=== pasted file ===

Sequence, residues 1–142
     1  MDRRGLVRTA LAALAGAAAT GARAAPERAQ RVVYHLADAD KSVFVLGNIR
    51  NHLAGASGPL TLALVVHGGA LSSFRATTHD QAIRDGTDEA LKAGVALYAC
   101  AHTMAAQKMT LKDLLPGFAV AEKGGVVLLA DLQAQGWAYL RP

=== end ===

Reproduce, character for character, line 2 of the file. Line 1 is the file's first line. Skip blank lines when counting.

     1  MDRRGLVRTA LAALAGAAAT GARAAPERAQ RVVYHLADAD KSVFVLGNIR